Ever wished you had the insight to recognize something in its infancy before getting big someday? Well this will be big. It’s like next-version-of-the-internet big. Most people have little to no idea what the metaverse or an NFT is.
The metaverse is inevitable. Technology is always driving towards the creation of richer and richer digital experiences. At some point technology will create experiences that not only rival ‘real’ experience, but surpass it. Imagine an interactive, immersive 3D world almost as visually rich as the one you are in now where you select your own looks and identity, shop, sing karaoke, go to movies, gamble, watch sports, go to concerts, meet people with similar interests and even get a job making actual money (we’re hiring for a metaverse job). The metaverse will likely replace 2D webcam virtual meeting spaces, like Zoom, with much more interactive 3D experiences people feel they are ‘inside’ of. And it will certainly change online learning for children.
There’s not just one metaverse, there are many with new worlds being created. In overly simplistic terms, metaverses can be grouped into two categories: gaming-focused, and non-gaming focused. Gaming-focused metaverses feel like being dropped into a computer game, usually with a fantasy theme like medieval times or galactic warfare. Non-gaming metaverses tend to be more of a reproduction of the real world, meant more for social interaction. But both have elements of gaming and socializing, so the distinction between the two is not always clear.
How Do You Pay for Things in the Metaverse?
Most metaverses have their own form of digital currency, not unlike different countries around the world issue their own: Dollar, Peso, Euro…. In some cases the digital currency can be purchased directly by credit card or similar payment method, especially in a gaming metaverse; in other cases the user must convert fiat currency, or a different cryptocurrency, into the cryptocurrency of the land. Most metaverses run on blockchain technology, making cryptocurrency a natural fit as it too runs on blockchain. Gaming metaverse purchases tend to be things like upgraded weapons and armor, where the more social metaverse purchases tend to be clothing worn by the user’s digital avatar, virtual property, and NFTs (more on this later).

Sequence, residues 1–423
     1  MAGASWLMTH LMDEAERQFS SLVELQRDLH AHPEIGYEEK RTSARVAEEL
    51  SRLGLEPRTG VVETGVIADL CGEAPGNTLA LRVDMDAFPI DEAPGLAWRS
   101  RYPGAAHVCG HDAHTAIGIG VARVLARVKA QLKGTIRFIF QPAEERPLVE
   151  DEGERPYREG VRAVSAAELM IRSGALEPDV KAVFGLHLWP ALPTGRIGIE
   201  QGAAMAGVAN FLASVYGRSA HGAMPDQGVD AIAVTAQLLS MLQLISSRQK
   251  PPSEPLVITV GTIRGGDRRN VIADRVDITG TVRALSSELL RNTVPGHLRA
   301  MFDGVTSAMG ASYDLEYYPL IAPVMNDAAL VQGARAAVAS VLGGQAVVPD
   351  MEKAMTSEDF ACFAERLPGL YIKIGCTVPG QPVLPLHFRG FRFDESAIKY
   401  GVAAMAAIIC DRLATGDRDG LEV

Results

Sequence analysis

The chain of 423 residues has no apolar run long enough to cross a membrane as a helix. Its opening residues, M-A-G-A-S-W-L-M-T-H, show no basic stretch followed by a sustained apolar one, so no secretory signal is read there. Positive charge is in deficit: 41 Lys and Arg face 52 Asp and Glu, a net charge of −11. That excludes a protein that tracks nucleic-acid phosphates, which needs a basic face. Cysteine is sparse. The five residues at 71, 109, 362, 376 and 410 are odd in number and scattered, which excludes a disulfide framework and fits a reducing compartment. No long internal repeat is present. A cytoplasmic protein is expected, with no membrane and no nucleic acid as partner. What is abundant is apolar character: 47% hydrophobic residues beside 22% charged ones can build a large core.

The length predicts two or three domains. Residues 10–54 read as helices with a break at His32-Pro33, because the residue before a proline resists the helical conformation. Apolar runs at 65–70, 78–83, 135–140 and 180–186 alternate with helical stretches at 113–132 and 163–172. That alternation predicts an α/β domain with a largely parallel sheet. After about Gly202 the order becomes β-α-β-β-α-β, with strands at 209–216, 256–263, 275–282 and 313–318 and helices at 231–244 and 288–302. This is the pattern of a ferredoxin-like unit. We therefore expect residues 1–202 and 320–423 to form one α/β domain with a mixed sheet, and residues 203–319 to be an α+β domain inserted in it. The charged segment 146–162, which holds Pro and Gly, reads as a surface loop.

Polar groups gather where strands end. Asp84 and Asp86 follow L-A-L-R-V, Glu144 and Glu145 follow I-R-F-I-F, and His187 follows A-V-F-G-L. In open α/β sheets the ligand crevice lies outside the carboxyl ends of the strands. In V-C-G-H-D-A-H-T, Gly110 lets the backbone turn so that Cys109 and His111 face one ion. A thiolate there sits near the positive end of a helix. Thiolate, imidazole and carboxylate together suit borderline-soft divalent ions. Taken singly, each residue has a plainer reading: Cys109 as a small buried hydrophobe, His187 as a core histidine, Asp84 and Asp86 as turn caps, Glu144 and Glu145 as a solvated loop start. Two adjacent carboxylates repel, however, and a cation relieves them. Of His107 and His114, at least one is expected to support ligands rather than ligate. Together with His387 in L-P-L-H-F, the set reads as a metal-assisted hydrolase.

Who is in Charge?
Decentralization of power is a theme running through most metaverses. Nobody is in charge because everyone is in charge. In many cases, a group of developers will get together and create an online world, then later relinquish control to the community of users. Metaverses that run on blockchain technology are a natural fit for decentralized power as most blockchains run on the concept of group consensys to allow change. But some metaverses, especially on the gaming side, are owned and operated by a company; this ‘centralized power’ is tolerated by their communities as the ownership is expected to continually innovate and add new features. Facebook recently changed its name to Meta to try to make a splash into the metaverse, only to get resistance from users who don’t like the idea or corporate control.
What is an NFT?
One of the purchases users are making is what’s called an NFT (Non-fungible token). NFTs use technology similar to Bitcoin blockchain technology to prove ownership. For example, you might buy a piece of digital art (NFT), and you are publicly recorded in the blockchain as the registered owner. Nobody can replace you as the owner unless you agree and release it to them. What’s confusing to newcomers is NFT artwork can be copied and replicated, for example, you can look at a picture of someone else’s NFT online and simply take a screenshot and just like that, you have a copy of their NFT, so what’s the point in being the ‘official’ registered owner? It’s like fine art. You can buy a copy of a Picaso at Walmart. Yes, you own this copy – but someone else in the world owns the original and has the documentation to prove it. You can sell your Picaso copy for $1 at the swap meet if you are lucky, but the original owner can sell theirs for millions. Anything can be an NFT; I can create an NFT registering myself as the owner of the shoes on my feet. For the time being, NFTs are generally created to prove ownership of things that have pop-culture value. But that will change as people discover new directions to take the concept of NFTs.